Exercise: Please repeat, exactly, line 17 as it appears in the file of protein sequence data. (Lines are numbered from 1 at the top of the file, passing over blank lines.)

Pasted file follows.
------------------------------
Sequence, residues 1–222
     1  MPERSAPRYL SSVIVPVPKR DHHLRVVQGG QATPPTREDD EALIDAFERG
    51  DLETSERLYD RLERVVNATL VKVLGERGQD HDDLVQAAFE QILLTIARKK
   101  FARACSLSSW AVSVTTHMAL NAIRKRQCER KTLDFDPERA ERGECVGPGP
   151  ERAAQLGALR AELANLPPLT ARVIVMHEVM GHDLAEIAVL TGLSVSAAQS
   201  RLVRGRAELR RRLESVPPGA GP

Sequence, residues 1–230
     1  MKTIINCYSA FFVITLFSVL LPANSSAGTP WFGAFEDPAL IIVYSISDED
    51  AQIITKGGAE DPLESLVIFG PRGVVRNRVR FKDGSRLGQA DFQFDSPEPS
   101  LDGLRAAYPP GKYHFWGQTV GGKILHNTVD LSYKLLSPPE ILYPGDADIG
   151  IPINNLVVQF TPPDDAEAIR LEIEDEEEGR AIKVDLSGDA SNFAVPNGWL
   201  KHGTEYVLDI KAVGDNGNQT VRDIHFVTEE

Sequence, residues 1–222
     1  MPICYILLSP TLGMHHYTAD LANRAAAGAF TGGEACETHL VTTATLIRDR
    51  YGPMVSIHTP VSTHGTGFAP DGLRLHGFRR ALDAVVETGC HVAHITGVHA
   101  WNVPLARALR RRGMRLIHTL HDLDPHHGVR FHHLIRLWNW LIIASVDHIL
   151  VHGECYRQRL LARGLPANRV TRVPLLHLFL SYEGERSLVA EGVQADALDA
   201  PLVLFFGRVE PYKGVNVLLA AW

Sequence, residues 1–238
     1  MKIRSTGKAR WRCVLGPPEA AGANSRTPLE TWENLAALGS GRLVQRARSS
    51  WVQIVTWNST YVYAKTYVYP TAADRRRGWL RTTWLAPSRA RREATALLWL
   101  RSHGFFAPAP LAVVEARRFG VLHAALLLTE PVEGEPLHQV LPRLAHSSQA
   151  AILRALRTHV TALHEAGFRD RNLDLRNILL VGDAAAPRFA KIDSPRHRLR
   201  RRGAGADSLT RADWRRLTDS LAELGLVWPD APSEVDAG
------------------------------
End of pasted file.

   151  VHGECYRQRL LARGLPANRV TRVPLLHLFL SYEGERSLVA EGVQADALDA